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Book The Code: Pt 1: The Revival

Discussion in 'Literature' started by SoullessAngel_, Jun 13, 2019.

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  1. SoullessAngel_

    SoullessAngel_ Ex-Mod | Writer | WildWest

    Aug 23, 2015
    While the Wild West servers may have been shut down for a while, the spirit of the game mode yet persists in literature....

    Here’s Part 1.

    1: The Revival

    The sun had just started to set when the man rode into Amarillo.

    He didn’t belong to any sort of gangs, groups, or trades. Unknown. A new face.

    And when a new face comes to Amarillo, everybody knows about it.

    Riding down the middle of the main road doesn’t help either.

    He was armed, as everybody could see. A barber could have taken one look at him and known he was loaded for bear. Two double action revolvers on each thigh. In the left sling on his brown war horse, a lever action carbine. In the right, another lever action, this time a shotgun.

    What they didn’t see was under the heavy leather thigh-length jacket was two blades up the sleeves. One Bowie, another a throwing knife. On his belt right above his rear, out of sight, was a German C96 pistol. He had ammunition for it in one of the many pouches on his jacket. A stereotypical dark brown cowboy hat was pulled down over his eyes.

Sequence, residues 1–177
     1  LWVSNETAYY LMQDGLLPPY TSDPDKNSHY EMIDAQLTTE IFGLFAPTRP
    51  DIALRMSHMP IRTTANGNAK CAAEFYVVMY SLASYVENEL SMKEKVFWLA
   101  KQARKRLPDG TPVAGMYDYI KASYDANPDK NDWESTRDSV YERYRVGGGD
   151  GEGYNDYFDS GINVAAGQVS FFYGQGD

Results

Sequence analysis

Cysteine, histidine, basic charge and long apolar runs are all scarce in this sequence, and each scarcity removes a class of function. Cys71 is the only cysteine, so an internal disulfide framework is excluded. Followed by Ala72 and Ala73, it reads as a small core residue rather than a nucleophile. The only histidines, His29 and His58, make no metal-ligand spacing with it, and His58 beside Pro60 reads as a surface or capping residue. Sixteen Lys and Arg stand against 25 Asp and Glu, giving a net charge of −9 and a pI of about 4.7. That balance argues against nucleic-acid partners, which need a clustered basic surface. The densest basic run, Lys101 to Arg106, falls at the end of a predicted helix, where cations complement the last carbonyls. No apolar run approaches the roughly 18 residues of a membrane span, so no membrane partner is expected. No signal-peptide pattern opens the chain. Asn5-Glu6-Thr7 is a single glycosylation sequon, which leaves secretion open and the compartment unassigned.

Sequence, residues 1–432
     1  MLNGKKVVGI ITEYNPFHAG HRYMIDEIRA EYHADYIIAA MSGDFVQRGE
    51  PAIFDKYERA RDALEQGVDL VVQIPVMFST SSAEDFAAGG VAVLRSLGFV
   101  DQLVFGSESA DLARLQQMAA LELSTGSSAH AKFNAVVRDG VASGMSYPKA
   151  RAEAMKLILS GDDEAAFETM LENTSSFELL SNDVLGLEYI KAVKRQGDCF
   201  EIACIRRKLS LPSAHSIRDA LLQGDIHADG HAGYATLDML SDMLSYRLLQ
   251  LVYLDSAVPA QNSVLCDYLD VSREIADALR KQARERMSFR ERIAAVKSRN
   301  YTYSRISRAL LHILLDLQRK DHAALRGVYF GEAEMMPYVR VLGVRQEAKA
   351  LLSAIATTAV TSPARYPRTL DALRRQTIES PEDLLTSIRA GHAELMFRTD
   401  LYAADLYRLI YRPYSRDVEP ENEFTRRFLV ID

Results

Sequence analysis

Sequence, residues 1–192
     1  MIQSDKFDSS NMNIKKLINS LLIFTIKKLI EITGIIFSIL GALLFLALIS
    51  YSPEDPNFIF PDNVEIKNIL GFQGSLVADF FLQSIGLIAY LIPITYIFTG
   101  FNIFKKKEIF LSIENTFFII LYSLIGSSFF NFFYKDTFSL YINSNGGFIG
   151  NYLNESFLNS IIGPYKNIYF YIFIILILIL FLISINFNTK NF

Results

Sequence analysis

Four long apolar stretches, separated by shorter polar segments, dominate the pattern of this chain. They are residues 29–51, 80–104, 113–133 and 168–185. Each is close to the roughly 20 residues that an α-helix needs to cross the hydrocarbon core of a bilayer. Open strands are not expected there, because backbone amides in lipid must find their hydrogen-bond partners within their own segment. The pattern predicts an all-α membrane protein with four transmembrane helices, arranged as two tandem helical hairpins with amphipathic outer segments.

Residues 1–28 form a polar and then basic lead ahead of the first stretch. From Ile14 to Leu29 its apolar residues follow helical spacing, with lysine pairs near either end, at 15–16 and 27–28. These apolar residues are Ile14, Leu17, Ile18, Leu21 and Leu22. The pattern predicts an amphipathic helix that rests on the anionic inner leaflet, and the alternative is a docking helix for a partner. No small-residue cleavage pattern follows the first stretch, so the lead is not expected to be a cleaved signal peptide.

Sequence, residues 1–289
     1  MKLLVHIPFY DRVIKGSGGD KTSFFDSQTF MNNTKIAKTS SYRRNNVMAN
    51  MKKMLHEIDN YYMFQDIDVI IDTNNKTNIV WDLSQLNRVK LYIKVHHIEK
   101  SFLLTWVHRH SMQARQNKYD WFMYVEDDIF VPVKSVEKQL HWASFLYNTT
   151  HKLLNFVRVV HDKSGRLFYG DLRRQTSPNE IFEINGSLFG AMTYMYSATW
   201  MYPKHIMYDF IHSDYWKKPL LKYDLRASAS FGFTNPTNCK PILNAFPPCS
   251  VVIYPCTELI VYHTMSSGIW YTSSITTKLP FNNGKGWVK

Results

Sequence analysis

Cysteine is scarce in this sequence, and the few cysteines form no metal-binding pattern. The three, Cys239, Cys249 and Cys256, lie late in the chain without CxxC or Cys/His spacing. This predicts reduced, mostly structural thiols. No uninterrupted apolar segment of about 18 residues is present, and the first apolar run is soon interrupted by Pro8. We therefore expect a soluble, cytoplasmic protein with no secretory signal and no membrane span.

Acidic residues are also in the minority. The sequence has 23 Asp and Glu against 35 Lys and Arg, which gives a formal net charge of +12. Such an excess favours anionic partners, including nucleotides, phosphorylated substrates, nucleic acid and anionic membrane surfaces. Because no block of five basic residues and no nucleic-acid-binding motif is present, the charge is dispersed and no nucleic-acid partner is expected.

As he rode down the street, Amarillo’s inhabitants stopped what they were doing and stared at him. No man came into Amarillo armed. They either turned in their weapons, were part of the local gang, or had a death wish.

    The saloon and bank were located right next to each other, so that late night drinkers could wander across the road to get more money for more booze. That is, if they managed to cross the road without being hit by a cart or horse.

    Out from behind the saloon, four males stumbled out. One of them had a ridiculous curly mustache, another a wild beard. All four were obviously drunk.

    Between them they were pushing a young boy around. He held a brown canvas bag with stains on it.

    One of the men, the one with the curly mustache. caught sight of the rider coming down the street. He called out something to his buddies. One of the guys smacked the boy across the back of the head and yelled, “Git outta here!” The boy ran tearing down the road.

    The rider had stopped, and had barely looked up. Just enough to see out from under the brim of his hat.

    “You there!” The lead man yelled, his words slightly slurred. “Dismount and c’mere!”

    The rider obliged. He left his carbine and shotgun in their place and slid off the horse, and after directing the horse to walk itself of the road, stood resting a hand on one of his revolvers.

    “Get that hand away from your piece.” One of the men snarled, pulling his own pistol out of a belt holster. He obviously was too drunk to notice the larger firearms on the horse, or the second revolver.

    The rider raised both his hands near his shoulder loosely. “Not lookin for any trouble.” He said softly.

    “If you weren’t, you wouldn’t be packin’.” The fourth man, his face dirty and pockmarked, said in a reedy voice. He had a hunting knife in his hand.

    “Here’s how this is gonna go, friend.” Curly ‘Stache said. “You’re gonna hand over your pistols. Yes, I see that second one you got there. Then, you’re gonna gimme your purse and valuables, and I’m gonna go buy us a few more drinks.”